As an Australian living in New York for the last five years, I’ve watched with great pleasure as third wave coffee culture has blossomed. And with some pride, too—we Australians have helped create the demand for better coffee, and some of us even opened our own cafes to meet that demand. Antipodeans are renowned coffee snobs, and although we’ve bashed America’s coffee culture for years, the truth is if you live in a major U.S. city these days it’s not hard to locate a decent cuppa. But the Australian influence on American coffee culture has now come to this strange juncture: from tomorrow, the flat white is becoming a permanent item on the Starbucks menu.
This elicits a number of complicated emotions, because Starbucks is the figurehead upon which Australian scorn of American coffee has traditionally been heaped. Starbucks entered the Australian market in 2000 and business was so bad that it essentially pulled out in 2008, closing 61 of it’s 84 stores (the remainder were recently licensed to 7-Eleven’s parent company). The Sydney Morning Herald published a post entitled Next time try selling ice to Eskimos, which gives you a sense of the national indignation that arose around it.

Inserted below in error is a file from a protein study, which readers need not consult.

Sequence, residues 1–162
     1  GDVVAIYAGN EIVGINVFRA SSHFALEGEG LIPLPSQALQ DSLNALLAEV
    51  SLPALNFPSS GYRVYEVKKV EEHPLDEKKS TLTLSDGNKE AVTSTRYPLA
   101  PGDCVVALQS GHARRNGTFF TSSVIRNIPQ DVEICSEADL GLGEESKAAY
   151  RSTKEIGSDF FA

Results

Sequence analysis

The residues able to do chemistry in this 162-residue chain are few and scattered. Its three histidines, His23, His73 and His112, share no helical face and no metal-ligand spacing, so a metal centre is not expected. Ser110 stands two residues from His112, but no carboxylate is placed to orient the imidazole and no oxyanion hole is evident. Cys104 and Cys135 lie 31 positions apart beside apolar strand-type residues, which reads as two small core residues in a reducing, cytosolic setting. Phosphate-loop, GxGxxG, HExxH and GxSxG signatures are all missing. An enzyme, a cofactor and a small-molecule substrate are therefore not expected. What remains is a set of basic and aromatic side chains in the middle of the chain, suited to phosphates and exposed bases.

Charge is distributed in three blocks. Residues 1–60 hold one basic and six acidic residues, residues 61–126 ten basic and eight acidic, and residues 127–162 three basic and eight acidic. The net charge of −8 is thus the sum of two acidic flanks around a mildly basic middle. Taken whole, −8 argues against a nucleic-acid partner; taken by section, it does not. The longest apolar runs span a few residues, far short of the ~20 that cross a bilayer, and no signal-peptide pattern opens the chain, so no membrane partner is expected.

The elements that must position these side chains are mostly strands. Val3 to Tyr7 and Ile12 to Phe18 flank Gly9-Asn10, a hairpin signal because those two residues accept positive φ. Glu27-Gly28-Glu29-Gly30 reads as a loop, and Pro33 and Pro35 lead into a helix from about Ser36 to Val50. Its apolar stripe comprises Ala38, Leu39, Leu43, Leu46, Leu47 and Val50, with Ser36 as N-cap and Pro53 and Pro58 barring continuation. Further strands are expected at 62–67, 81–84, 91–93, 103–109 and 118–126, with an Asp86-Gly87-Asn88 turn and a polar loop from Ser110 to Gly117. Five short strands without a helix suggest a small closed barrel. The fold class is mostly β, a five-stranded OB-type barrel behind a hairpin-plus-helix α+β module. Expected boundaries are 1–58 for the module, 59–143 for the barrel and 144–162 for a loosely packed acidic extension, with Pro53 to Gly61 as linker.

Starbucks in the U.K. has been serving flat whites since 2010. (Photo: Starbucks U.K.)
But now that the chain is making a concerted effort to appeal to coffee snobs, and even co-opting an antipodean espresso drink, we’re not sure whether to feel incredulous or impressed. Mostly it’s both, as described by CNN writer and Melbournian expat Andrew Demaria:
A flat white from Cuccini Cafe in New Zealand. (Photo: Flickr/ FraserElliot)
However, the accuracy of this imitation is difficult to measure, since there is no standardized definition of what a flat white is. Even the origins are unclear, with Australia and New Zealand both claiming to have invented it. Melbournian barista Gary Dickson defines a flat white in the Sydney Morning Herald as velvety milk poured over a ristretto shot, with a thin layer of microfoam on top (instead of the more aerated froth found on top of Australian lattes and cappuccinos). But Blue Bottle Coffee’s director of training Michael Phillips told Bon Appetit that a modern American cappuccino is essentially the same as a flat white; and Australian coffee blogger Jennifer Murray backs that up with the assertion that a flat white is “comparable to an American latte,” noting that cup size and the use of a single or double shot varies between cafes and baristas.
At Starbucks, a flat white consists of “two ristretto shots, topped with a thin layer of velvety steamed whole milk and finished with a latte art dot,” according to a spokesperson. (A ristretto is the first, most concentrated part of the espresso shot.) While that sounds legit, as an Australian coffee snob I’m just not sure I can bring myself to order a flat white at a place that’s famous for venti pumpkin spice lattes. But as an Australian coffee snob, I also have to give the company kudos for upping their game. Good on ya, Starbucks.